Columns / Discourse / September 29, 2010

Observing America: Social Insecurity

Did you know that everyone under 55 will not get any Social Security benefits once they retire? Social Security is the biggest Ponzi scheme in American politics. The system was designed to fit the Great Depression period, not to function during the 21st century.

According to the Bipartisan Commission on Entitlement and Tax Reform, the Social Security “Trust Fund” will run out of money by 2029 as increasing entitlement spending costs have enlarged the public debt. The non-partisan Congressional Budget Office concluded that the government “pegged an increase in the public debt from $7.5 trillion at the end of 2009 to $20.3 trillion at the end of 2020 if President Barack Obama’s fiscal 2011 budget were to be implemented as written.” In other words, if Democrats and Republicans do not change the current budgetary trend, and continue to allow entitlement spending, then the U.S. will either have very high payroll taxes imposed to pay for the debt or incrementally increase the retirement age to who knows what. A clear solution is to privatize Social Security.

Now hear me out on this one: Congressman Paul Ryan of Wisconsin designed the American Roadmap. The main function of this project is to decrease public debt and to save entitlement projects. Since public debt is increasing when it comes to entitlement spending, Medicaid, Medicare and Social Security will bust out

The Congressman’s proposal works around the premise that “workers under 55 will have the voluntary option of investing over one-third of their current Social Security taxes into personal retirement accounts” ( As Chile did in 1973, the government will consult people to send their retirement funds into safe stocks or bonds. Political analyst William Shipman reported that as Chile passed this privatization of Social Security, it had an increase of “$23 billion, or roughly 41 percent of gross domestic product.” (Retiring with Dignity: Social Security vs. Private Markets).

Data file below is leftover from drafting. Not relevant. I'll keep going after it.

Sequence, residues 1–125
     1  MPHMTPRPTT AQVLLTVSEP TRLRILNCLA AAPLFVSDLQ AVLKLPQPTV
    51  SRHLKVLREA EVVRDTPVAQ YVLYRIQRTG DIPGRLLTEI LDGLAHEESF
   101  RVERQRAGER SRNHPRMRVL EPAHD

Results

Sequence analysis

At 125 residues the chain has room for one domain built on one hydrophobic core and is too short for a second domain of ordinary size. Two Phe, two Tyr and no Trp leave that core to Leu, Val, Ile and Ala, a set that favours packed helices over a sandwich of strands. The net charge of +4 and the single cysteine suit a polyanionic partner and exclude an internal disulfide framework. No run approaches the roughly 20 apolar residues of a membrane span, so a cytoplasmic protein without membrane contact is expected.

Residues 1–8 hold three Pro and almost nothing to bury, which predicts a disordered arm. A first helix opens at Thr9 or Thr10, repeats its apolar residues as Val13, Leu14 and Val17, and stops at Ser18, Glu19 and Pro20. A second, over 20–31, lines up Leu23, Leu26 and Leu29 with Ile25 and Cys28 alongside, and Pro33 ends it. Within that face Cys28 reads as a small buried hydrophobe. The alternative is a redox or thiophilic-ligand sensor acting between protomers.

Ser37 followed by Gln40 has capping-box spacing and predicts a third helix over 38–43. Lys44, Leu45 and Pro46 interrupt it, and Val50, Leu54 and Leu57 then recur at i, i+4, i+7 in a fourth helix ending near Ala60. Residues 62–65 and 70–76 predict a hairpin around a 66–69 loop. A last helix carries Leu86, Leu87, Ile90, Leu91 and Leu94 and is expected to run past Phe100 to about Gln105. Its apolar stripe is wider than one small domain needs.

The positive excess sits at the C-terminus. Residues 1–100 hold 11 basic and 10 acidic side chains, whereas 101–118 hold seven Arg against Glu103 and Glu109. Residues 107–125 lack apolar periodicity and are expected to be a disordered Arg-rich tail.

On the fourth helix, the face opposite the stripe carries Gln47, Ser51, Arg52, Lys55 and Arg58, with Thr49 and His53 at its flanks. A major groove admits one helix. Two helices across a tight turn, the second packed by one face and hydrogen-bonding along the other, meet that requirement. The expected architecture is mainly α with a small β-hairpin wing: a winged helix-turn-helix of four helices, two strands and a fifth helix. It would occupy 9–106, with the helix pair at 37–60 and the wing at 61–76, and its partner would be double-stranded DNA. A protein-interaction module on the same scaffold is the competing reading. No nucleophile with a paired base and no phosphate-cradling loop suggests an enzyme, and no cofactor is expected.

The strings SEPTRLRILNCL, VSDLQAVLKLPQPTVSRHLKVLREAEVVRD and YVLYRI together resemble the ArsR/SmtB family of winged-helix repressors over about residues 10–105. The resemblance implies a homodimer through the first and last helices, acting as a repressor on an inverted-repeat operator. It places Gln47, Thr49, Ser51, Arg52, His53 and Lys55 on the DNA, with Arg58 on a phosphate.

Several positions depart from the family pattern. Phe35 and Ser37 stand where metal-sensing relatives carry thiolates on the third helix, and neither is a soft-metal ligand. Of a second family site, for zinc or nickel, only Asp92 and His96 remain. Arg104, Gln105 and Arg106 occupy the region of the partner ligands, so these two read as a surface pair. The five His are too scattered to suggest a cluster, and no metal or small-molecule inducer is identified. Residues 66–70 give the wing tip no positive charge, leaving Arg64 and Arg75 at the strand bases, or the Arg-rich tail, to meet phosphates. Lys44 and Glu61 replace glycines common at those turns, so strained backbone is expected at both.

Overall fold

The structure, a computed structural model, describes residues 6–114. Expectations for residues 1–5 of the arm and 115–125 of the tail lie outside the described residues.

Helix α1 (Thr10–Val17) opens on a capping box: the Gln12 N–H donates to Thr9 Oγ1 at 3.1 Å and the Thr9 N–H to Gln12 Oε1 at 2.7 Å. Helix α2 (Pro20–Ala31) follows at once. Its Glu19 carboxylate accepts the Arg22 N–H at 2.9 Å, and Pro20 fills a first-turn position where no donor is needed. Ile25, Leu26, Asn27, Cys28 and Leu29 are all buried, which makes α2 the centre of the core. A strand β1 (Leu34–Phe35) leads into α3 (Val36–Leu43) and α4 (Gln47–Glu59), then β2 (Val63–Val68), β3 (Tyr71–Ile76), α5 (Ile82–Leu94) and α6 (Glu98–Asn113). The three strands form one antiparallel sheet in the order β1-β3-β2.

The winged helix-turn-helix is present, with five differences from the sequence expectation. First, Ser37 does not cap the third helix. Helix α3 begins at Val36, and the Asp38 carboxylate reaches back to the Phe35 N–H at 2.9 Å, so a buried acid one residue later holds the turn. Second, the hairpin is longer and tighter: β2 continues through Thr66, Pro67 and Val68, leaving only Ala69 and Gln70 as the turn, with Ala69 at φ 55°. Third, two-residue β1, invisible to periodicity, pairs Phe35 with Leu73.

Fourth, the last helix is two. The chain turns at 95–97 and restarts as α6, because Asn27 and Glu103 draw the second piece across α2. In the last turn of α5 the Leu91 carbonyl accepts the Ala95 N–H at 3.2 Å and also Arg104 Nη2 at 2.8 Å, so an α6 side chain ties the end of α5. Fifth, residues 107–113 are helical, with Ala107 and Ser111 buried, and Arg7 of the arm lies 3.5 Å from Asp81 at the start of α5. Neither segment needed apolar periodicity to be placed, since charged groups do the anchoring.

Not only would the gradual privatization of entitlement projects encourage Americans to invest in their own finances to acquire a good retirement fund, but it would also increase the GDP and money flow into the American economy. The only concern with the American Roadmap is that since people will slowly pull out from Social Security, people over 55 will not be provided for because Social Security is funded on a “pay-as-you-go” basis.

However, cutting down on entitlement spending will create surpluses that could be used to fund retirees’ financial state.

Both parties must change. Principle must come above politics. Proposing an American Roadmap may be political suicide, since senior citizens are the most energized voting block and would feel threatened by such change. Yet true leadership is needed to give America change. The midterm elections are coming up, and very few politicians are talking about Social Security. The time to talk about Social Security is now. Let’s put it this way: if Social Security is not changed soon, most of the Knox student body, including some faculty members, would not acquire retirement funds. As former Congressman Joe Scarborough said, “There is no time to waste.”

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Alex Uzarowicz
Alex Uzarowicz has been a weekly conservative political columnist for The Knox Student for three years. He also writes for The College Conservative. Alex will graduate in June 2013 with a degree in political science, after which he will head abroad to begin his Peace Corps service.

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